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Author

Mark L. Sip

Document Type

Thesis - University Access Only

Award Date

1989

Degree Name

Master of Science (MS)

Department

Animal Science

First Advisor

Robbi H. Pritchard

Abstract

High-concentrate diets fed during backgrounding may be a viable alternative for some operations if properly managed. Protein deposition plateaus at approximately 1.0 kg ADG with medium-framed steers and coincides with maximal gains for backgrounding calves. Higher ADG would result in increased fat deposition. Ad libitum consumption of high-concentrate diets during this phase would result in relatively high ADG. Limiting dry matter intake (DMI) to provide energy levels adequate to support 1.0 kg ADG would alleviate problems with excessive subcutaneous fat deposition. Limiting intake has increased the percentage of dietary crude protein ruminally digested and depressed microbial efficiency and yield. These effects may ultimately lead to duodenal crude protein supplies inadequate to support estimated growth rates. Many Midwestern producers believe cattle must be allowed ad libitum intake during the winter for acceptable feedlot performance to occur. Ad libitum intake maximizes the heat of fermentation component and stabilizes ruminal conditions. Limit-feeding high concentrate diets results in rapid consumption of relatively large quantities of readily fermented feedstuffs. Lactate production with this situation may exceed the calf's rumen buffering capabilities. Monensin supplementation may improve feedlot performance of cattle on limit-fed high-concentrate (LFHC) diets. When energy is limiting growth, monensin improves ADG, and when energy supplies are adequate or in excess, monensin improves feed efficiency. These effects were probably the result of decreased acetate propionate ratios. Monensin has been shown to inhibit bacterial proteolytic rates, yielding increased dietary crude protein bypass. Monensin has also been shown to effectively reduce lactate production. The combined effects of limit-feeding high concentrate diets and monensin cause uncertainty concerning optimal dietary crude protein levels. Monensin levels required to elicit ruminal responses resulting in optimal performance are also unclear. The objective of this research is to determine the optimal levels of dietary CP and monensin in LFHC diets as evaluated by backgrounding performance of steer calves.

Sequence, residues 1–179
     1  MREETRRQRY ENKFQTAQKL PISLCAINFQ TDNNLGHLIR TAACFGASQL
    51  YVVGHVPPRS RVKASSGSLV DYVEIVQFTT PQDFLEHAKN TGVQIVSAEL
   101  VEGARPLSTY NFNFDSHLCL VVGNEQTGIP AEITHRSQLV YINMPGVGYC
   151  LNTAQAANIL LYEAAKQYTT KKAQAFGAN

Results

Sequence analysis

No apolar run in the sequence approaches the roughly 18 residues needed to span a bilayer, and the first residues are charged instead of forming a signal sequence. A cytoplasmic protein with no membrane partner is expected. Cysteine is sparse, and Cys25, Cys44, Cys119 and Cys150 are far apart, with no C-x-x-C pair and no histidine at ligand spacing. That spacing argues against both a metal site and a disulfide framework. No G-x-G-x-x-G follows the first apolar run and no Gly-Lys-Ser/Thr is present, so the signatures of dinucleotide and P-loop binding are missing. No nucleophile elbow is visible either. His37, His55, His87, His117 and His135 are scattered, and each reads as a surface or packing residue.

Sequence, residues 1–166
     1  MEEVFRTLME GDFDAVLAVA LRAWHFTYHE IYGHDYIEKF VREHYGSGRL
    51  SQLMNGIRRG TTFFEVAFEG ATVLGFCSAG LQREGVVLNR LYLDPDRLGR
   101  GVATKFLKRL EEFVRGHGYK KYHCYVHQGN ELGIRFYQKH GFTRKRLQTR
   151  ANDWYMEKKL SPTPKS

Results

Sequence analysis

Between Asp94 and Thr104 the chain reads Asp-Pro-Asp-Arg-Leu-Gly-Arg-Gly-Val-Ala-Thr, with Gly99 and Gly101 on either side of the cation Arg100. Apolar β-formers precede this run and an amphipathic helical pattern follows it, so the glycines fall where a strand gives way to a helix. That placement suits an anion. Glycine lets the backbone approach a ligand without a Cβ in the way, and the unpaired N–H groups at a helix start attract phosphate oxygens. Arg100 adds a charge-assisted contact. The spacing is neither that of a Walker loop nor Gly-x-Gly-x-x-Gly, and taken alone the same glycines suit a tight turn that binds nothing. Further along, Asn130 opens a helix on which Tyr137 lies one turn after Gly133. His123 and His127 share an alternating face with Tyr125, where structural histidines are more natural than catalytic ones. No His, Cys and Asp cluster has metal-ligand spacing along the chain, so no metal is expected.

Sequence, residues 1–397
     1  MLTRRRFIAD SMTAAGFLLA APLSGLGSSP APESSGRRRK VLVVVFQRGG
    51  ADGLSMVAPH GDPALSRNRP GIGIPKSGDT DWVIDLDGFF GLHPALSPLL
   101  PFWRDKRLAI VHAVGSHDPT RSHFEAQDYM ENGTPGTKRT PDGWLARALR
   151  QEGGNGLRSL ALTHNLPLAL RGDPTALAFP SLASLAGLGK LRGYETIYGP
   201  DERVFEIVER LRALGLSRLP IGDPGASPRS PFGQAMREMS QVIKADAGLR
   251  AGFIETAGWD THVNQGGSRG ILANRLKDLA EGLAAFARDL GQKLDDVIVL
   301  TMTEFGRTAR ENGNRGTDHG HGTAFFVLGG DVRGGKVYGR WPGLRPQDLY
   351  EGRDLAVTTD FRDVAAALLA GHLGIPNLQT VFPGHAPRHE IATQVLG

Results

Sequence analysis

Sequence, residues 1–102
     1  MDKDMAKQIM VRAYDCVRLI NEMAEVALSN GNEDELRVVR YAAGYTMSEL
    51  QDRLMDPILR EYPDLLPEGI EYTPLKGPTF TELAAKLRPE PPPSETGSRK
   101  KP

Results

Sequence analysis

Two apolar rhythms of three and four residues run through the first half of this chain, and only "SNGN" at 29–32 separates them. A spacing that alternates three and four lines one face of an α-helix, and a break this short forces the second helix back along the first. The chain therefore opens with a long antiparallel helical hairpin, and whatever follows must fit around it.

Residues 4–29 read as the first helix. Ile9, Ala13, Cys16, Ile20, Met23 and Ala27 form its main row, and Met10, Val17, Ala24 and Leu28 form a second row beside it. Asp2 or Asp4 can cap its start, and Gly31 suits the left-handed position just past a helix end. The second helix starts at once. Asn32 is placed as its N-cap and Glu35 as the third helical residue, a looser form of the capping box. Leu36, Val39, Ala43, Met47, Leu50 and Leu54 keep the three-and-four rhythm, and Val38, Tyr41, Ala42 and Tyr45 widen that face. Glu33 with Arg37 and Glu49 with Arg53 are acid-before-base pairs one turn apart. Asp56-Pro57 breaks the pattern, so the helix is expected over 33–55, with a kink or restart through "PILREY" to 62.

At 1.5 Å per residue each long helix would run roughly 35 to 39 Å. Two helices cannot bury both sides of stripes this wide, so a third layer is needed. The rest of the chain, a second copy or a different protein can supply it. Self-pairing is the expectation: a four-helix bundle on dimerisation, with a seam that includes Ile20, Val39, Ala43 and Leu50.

Library of Congress Subject Headings

Proteins in animal nutrition

Calves -- Feeding and feeds

Format

application/pdf

Number of Pages

79

Publisher

South Dakota State University

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